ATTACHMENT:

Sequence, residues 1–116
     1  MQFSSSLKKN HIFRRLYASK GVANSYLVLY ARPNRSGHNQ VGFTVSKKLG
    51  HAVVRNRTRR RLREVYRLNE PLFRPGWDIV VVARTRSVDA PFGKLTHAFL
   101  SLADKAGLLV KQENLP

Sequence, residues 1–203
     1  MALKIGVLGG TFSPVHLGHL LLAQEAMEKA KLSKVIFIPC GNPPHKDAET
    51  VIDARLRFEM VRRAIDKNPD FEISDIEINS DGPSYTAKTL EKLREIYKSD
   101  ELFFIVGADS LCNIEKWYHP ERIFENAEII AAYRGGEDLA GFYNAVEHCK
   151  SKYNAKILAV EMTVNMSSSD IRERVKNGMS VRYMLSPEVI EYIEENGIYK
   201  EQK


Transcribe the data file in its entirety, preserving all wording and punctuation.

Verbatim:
Sequence, residues 1–116
     1  MQFSSSLKKN HIFRRLYASK GVANSYLVLY ARPNRSGHNQ VGFTVSKKLG
    51  HAVVRNRTRR RLREVYRLNE PLFRPGWDIV VVARTRSVDA PFGKLTHAFL
   101  SLADKAGLLV KQENLP

Sequence, residues 1–203
     1  MALKIGVLGG TFSPVHLGHL LLAQEAMEKA KLSKVIFIPC GNPPHKDAET
    51  VIDARLRFEM VRRAIDKNPD FEISDIEINS DGPSYTAKTL EKLREIYKSD
   101  ELFFIVGADS LCNIEKWYHP ERIFENAEII AAYRGGEDLA GFYNAVEHCK
   151  SKYNAKILAV EMTVNMSSSD IRERVKNGMS VRYMLSPEVI EYIEENGIYK
   201  EQK